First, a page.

Noname
May 31 – August 21

Last year, Rolling Stone dubbed Noname “one of the best rappers alive,” and now she’s hitting the road to defend the title. Her second album, Room 25, blends jazz, easy listening and bassy beats with her deftly mellifluous rhymes about Blaxploitation, feeling fragile and how she can’t believe that recently #MeToo’d actor Morgan Freeman is still acting. Throughout, she shifts from topic to topic with blink-and-you’ll-miss-it ease. “Y’all really thought a bitch can’t rap, huh?” she asked on the album’s intro with a laugh. Now she’ll be proving the doubters wrong onstage.

Billie Eilish
May 31 – June 23, July 6 – July 21

Billie Eilish’s music is custom-made for intimacy: quiet, ASMR-nuanced tracks with light trap beats that she whisper-sings over. This summer, though, she’ll be performing “Bad Guy” and “Bury a Friend” on some of North America’s biggest stages, including Red Rocks and Chicago’s United Center. Luckily for her, she’s had time in recent months to find her sea legs, playing Coachella and large venues around Australia and the U.K. Most impressive is that she has done all this and hasn’t even turned 18 yet.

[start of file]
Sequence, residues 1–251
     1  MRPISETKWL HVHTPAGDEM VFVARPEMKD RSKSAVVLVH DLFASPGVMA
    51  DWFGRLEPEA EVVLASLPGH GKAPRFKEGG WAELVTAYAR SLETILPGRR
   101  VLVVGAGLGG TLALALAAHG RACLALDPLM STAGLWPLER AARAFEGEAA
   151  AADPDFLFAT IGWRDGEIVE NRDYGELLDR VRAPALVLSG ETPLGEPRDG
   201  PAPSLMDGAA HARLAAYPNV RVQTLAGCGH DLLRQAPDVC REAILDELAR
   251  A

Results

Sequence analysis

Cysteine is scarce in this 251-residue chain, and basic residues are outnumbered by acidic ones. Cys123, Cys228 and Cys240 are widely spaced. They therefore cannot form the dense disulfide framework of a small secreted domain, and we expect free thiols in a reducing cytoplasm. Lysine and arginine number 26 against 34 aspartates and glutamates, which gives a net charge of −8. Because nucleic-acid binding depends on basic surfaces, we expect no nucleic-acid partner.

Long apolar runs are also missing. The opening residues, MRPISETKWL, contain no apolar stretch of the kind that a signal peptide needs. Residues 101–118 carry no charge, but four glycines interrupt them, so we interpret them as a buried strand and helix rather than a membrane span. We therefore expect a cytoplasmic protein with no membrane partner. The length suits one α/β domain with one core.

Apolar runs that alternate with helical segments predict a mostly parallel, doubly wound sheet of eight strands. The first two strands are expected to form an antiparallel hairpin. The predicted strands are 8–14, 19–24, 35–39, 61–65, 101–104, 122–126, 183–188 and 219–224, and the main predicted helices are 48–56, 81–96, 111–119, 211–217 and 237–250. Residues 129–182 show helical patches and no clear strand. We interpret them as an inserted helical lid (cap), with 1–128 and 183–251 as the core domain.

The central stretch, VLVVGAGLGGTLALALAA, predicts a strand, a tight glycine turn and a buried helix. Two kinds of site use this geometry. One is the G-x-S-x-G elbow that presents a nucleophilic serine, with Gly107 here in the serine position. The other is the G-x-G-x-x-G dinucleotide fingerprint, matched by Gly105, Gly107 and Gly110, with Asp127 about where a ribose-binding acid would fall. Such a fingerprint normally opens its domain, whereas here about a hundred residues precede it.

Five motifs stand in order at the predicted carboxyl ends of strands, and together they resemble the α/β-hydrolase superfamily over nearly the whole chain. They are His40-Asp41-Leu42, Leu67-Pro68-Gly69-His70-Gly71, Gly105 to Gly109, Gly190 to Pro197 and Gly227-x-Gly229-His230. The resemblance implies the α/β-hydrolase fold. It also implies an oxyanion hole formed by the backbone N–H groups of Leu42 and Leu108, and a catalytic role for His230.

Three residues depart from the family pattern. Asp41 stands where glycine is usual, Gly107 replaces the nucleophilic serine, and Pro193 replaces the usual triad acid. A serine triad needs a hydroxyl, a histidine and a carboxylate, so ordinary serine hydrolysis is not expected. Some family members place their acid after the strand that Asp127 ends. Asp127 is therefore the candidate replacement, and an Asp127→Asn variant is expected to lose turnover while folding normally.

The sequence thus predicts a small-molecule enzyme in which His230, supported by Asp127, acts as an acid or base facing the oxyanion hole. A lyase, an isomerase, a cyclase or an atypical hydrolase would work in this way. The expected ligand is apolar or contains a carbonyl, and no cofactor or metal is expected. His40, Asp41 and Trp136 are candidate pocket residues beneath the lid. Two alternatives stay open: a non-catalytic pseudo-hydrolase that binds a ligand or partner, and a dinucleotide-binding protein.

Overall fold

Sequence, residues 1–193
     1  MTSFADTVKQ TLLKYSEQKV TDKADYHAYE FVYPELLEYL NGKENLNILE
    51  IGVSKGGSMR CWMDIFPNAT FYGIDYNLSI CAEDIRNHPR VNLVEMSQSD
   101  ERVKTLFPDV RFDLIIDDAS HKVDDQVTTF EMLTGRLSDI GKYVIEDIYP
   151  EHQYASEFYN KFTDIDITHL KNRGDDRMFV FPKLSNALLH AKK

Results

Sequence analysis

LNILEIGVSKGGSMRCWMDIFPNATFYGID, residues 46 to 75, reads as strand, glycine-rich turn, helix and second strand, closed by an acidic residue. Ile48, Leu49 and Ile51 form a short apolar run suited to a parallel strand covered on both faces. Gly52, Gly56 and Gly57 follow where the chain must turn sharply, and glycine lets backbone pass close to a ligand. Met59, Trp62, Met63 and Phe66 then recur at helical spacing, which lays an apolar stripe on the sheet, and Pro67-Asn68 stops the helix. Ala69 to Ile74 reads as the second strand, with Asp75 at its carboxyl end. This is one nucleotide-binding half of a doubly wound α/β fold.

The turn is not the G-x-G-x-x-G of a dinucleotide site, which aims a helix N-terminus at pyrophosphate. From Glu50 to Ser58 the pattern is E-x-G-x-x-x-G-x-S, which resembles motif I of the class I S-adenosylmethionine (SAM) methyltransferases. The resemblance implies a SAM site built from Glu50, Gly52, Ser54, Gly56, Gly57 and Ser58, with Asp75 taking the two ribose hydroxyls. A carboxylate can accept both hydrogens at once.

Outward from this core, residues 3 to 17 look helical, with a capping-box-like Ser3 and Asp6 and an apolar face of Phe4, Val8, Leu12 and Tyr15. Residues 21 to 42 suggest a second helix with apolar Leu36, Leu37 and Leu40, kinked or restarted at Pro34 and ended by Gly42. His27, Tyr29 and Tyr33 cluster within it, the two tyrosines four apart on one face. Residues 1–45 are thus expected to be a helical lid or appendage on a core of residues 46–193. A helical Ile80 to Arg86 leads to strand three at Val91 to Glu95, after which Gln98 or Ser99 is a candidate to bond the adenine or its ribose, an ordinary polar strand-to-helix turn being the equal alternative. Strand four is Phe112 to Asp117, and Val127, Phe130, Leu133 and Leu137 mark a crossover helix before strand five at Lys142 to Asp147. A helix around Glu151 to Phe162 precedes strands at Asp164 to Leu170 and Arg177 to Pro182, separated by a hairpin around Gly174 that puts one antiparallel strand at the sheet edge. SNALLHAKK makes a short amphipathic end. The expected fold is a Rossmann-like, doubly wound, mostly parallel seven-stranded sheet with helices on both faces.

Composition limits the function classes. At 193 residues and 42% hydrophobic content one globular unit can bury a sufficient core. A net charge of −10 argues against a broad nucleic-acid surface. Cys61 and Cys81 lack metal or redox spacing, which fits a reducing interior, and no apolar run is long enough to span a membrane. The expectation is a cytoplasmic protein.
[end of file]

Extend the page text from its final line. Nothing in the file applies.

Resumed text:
Death Cab for Cutie with Jenny Lewis
June 2 – September 8th

By this point, Death Cab for Cutie and Jenny Lewis are indie rock–era survivors and both have experienced creative renaissances lately, so this tour will find them at the peak of their powers. Plus, there’s always the hope that getting Ben Gibbard on the same stage as Lewis would lead to new music from their indie-pop-defining side project, the Postal Service. Some dates of Death Cab’s tour feature Mitski and Car Seat Headrest, among others, as openers, and Jenny Lewis has a few dates of her own planned before she comes back in the fall with the Watson Twins.

Bonnaroo
June 13 – June 16

The original jam fest returns to its roots somewhat this year with three sets by Phish (two of which are on the same day) as well as a diverse set of headliners that include the Grand Ole Opry, Childish Gambino, Post Malone, the Lumineers and Cardi B. Whether you’re checking out “This Tent,” “That Tent” or “The Other,” as they’re known, there will always be something happening until the wee hours of the morning, at which point it starts all over again.